Content Warning: Brief mentions of suicide, rape and general discussions of transphobia.
Recently there’s been laws among several states that unfairly target the trans community, most notably in South Dakota.
South Dakota not only has a bill that targets the transgender community in public schools, but has had this bill passed in both the House and the Senate. This means that the only way it can fail is if the governor vetoes. The chances of this are mixed however as governor Dennis Daugaard has stated, “I have my own set of values and in the end I’ll make my own decisions…” even after meeting members of the transgender community and saying that it helped him see things “through their eyes”.
According to ThinkProgress the bill, “…requires that every restroom, locker room, and shower room in any public school be ‘designated for and used only by students of the same biological sex.’” But people’s biological sex aren’t easy to determine for many reasons. The first of many is the fact that as many as 1 in 2000 are born intersex. Intersex individuals are people who have a condition that makes their sexual anatomy different from what it “should” look like.
One of the other main issues is how legislatures enforce this bill? Will they enforce mandatory blood tests or access to private medical records? By what method will someone be determined “objectively” a particular gender?
Another issue is how state’s will overrule the Department of Education’s guidance that transgender students are protected under Title IX. If states continue to pass legislation that contradicts this, we could see many potentially costly lawsuits.
More fundamentally, there’s no particular “gender gene” and often our genes don’t correspond to how we personally see ourselves. And as stated, gender is complicated and there’s never been a clear cut line between “gender” and “sex”. The “sex is between your legs and gender is between your ears” may be a step up from outright conflation, but it’s still too simplistic.
The alternative to letting people identify with their chosen gender is what the state does best: repress individuality.
But supporters of the bill claim it’s to make sure children in schools are kept safe. These claims are specious to say the least. As of yet there have been no reported incidents of “inappropriate behavior” in the 17 school districts that have had non-discrimination protection for the transgender community. Further, there are no statistics that can justify the claim that opening up gender inclusive bathrooms leads predators to take advantage of children.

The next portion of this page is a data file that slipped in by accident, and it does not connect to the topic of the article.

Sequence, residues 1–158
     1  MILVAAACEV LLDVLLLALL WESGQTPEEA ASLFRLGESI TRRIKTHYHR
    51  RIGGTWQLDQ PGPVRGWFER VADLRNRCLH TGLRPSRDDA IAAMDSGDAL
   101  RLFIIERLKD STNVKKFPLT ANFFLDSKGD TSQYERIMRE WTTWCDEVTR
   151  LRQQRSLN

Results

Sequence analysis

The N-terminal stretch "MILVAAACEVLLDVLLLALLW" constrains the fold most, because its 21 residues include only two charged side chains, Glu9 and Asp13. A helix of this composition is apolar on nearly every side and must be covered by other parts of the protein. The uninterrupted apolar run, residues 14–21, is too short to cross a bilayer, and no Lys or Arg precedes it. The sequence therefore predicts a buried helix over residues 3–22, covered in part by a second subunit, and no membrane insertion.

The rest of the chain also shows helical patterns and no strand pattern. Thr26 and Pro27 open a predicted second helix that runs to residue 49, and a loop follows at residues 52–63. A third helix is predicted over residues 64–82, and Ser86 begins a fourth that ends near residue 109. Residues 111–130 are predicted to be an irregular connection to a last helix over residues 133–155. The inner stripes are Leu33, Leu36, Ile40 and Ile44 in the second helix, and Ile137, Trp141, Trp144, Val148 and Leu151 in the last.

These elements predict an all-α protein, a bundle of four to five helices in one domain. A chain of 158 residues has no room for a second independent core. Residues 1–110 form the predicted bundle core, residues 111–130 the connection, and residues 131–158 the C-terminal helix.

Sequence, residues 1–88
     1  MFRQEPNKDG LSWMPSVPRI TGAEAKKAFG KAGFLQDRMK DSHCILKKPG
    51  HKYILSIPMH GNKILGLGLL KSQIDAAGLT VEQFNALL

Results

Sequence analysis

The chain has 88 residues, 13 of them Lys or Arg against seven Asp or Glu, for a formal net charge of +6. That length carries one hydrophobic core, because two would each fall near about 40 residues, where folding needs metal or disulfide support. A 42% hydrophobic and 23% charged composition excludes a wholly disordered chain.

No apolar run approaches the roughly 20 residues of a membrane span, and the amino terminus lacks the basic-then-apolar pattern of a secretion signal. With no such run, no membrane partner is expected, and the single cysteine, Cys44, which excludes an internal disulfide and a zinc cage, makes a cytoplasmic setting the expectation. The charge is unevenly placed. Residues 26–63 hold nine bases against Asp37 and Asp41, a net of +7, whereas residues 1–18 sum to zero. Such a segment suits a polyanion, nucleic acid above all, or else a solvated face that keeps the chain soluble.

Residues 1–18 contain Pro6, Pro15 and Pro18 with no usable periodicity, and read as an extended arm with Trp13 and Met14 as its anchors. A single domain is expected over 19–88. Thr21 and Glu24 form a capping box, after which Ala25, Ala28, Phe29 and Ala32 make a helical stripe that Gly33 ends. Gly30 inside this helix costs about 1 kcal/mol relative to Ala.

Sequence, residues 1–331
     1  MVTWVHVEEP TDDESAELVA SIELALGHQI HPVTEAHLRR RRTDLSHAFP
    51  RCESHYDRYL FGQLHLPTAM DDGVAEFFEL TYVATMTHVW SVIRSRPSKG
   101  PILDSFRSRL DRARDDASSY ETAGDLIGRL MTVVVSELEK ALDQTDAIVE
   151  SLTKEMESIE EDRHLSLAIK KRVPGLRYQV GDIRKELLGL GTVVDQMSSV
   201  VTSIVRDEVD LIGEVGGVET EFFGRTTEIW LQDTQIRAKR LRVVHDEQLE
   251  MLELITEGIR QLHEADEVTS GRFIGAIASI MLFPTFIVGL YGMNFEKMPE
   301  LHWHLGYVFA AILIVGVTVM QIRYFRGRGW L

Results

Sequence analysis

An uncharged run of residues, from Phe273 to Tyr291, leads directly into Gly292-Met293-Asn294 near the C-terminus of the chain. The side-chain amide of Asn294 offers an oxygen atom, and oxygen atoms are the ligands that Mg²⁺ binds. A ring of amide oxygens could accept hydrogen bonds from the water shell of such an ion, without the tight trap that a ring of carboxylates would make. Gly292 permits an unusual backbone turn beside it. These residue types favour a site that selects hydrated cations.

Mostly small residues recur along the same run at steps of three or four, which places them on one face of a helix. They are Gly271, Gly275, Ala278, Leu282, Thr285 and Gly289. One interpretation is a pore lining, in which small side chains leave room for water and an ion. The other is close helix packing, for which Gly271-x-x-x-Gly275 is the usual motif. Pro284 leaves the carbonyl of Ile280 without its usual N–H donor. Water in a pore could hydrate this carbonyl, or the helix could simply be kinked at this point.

It’s even less likely when you consider that most incidents of rape happen in private areas where the victim trusts the rapists, not in public bathrooms or schools. Thus concerns about rape survivors being re-traumatized from seeing transgender individuals in bathrooms are also insufficiently founded to justify harmful legislation.
Getting the legislatures out of the way of transgender lives is well-needed, but there’s also a more foundational cultural issue that motivates these bills. Transphobia is currently a powerful cultural force and, with the help of the state, people’s prejudices powerfully contribute to the transgender community’s depressingly high level of suicides. Which do not occur because they are transgender, but rather because of discrimination that these bills themselves help create.
If we want to prevent legislation from individuals who think they know what’s best for the transgender community, we should not only fight the state but fight the motivations behind it. Fighting back against both the state and transphobia via education, dialogue, creating transgender support groups, or being a good ally to transgender individuals are all great steps.
Further, creating campaigns like #Illgowithyou helps. The #Illgowithyou campaign has individuals going with transgender people into the bathrooms transgender people feel most comfortable in so at to prevent the occurrence of harassment or assault.
And that is the irony in all of this.
Transgender individuals are the ones who are in the most danger of being assaulted, harassed and abused in bathrooms. The “children” are a bogeyman largely created by an odd collection of Christian fundamentalist groups, conservatives, trans-exclusionary radical feminists, naive liberals, etc.
Statistically speaking, we’re not dangerous, cis people are.